The Packer originally ran this article on May 10th. Thanks to Sarah Krause, the author, for letting us run it again here.
Some like it hot. And some like it really hot. Superhot varieties of peppers are gaining in popularity and making a space for themselves in the hot pepper market along with their popular pepper cousins, the jalapeño, serrano and habañero.
Spicy peppers run the gamut from relatively mellow to tear-inducing, and with more than 400 varieties worldwide there are many to choose from.
According to The Packer’s Fresh Trends 2012 data, 27% of customers bought specialty peppers within the past 12 months.
Superhot varieties — such as the scorpions — are the name of the game for Marlin Bensinger, member of The Chile Pepper Institute at New Mexico State University and farming and technical director and owner at Chromtec LLC, Las Cruces, N.M. Bensinger, who’s been in the hot pepper business for 45 years, said he grows six or seven Trinidad varieties and 10-11 other varieties.
He grows the Trinidad moruga scorpion, which as of this February, was listed as the world’s hottest chili pepper at more than 2 million Scoville heat units.
“We’re finding the desire for peppers that are super hot is going up each year,” Bensinger said. “We sold everything we could produce last year.”
His growing partner, Dave DeWitt, also a member of The Chile Pepper Institute and president of Sunbelt Shows Inc., which produces the National Fiery Foods and Barbecue Show in Albuquerque, N.M., agreed.
“This past year was a breakthrough year for fresh-market superhot chilies, namely those chilies that measure between 500,000 and 1.2 million Scoville heat units. We had a 1.2-acre field in Las Cruces (N.M.) growing Trinidad scorpions and its subvarieties, plus Scotch bonnets, and we sold every pod harvested,” DeWitt said. “We were getting $16 to $18 a pound for the hottest ones, and all I had to do to sell them was send out e-mails to my (customers).”
As a year-round hot pepper shipper, Gilroy, Calif.-based Uesugi Farms Inc. grows 15 or more varieties of chilies.
“The demand for hot peppers grows every year, in all parts of the country,” salesman Damon Barkdull said. “Some varieties are retail-driven, like the red fresno or pasilla, and some varieties are processor-driven, like the bnana sax pepper or sweet jalapeño.”
Uesugi Farms also grows the superhot bhut jolokia chili pepper — also known as the ghost pepper — which not long ago held the title of world’s hottest pepper. It claims to be 400% hotter than Tabasco sauce.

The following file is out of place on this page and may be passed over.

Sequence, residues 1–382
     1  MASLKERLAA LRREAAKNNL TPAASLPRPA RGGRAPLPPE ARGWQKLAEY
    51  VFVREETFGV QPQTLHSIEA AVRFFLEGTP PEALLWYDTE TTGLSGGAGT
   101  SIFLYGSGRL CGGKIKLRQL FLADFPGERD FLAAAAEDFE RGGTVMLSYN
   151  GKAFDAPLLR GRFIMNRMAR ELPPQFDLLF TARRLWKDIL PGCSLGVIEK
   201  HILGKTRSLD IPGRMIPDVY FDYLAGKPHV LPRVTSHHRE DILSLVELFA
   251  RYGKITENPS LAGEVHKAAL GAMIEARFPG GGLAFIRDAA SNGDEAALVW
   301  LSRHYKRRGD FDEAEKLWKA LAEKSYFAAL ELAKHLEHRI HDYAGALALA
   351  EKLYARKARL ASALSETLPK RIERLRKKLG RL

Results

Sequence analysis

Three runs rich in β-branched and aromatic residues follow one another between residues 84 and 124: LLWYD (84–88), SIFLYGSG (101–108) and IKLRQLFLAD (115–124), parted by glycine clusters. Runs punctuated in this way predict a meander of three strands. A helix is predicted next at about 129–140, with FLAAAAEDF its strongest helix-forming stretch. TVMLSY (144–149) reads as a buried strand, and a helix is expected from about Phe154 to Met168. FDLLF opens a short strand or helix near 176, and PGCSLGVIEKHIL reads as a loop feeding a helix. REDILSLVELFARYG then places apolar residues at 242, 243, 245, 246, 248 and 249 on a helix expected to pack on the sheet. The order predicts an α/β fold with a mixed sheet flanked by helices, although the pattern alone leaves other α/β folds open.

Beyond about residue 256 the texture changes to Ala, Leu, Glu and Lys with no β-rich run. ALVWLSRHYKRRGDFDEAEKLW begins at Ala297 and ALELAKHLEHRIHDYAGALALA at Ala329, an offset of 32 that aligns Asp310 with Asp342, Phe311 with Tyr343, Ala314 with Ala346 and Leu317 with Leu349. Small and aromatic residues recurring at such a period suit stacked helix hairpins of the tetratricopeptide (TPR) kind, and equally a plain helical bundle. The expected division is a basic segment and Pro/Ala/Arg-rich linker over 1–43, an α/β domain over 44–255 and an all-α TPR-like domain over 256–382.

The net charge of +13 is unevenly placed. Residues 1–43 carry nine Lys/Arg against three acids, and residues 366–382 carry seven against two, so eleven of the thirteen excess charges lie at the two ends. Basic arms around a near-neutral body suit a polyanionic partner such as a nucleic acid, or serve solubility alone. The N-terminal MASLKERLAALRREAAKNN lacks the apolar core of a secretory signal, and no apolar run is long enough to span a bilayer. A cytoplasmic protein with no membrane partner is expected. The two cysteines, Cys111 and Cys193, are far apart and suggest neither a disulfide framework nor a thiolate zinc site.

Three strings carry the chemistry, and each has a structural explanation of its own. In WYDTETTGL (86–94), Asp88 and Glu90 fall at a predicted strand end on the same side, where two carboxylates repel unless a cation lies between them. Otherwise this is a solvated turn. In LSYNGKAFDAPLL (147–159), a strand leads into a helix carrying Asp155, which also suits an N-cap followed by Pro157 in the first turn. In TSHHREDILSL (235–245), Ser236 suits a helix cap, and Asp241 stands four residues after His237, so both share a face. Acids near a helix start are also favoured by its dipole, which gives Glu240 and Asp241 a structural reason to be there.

“It’s a pretty cool niche and still has a very big following,” Barkdull said of the ghost pepper. “We don’t have any problem selling it.”
He added that more competition springs up every year, but the pepper’s longer growing season (five to six months) and the chance of getting faulty seed makes it tricky to grow.
“Probably 80% of the bhut jolokia seed available on the open market are imposters,” he said.
Hot peppers began coming out of California in May and will continue into July.
Wiers Farm, Willard, Ohio, has devoted 24 acres to various varieties of hot peppers, but the jalapeño remains the most popular, said Ben Wiers, vice president of operations.
“Production (of hot peppers) has steadily increased over the last six years,” he said. “As people get used to spicy flavors, it keeps increasing interest for hotter peppers.”
The farm plans to add about 15% to its hot pepper production this year. Harvest out of Ohio will start around the first of August.
In New Mexico, Bensinger expects harvest of superhots to begin in September, while other specialty peppers run May through October and longer out of Mexico. The New Mexico green chile harvest begins in late July.
Bensinger added that because demand has been so strong, he plans to add acreage at his operation and grow peppers in a greenhouse for the first time.
“We have people who want peppers year-round and are willing to pay the higher price.”
For Bensinger, the most popular peppers he grows are the Trinidad varieties, mostly for specialty markets and the foodservice industry.
“That would be a valid user of these peppers,” he said. “You probably won’t see them go into the public supermarkets, but as people start to understand the heat mechanisms and respect them, they’ll get more comfortable with hot peppers.”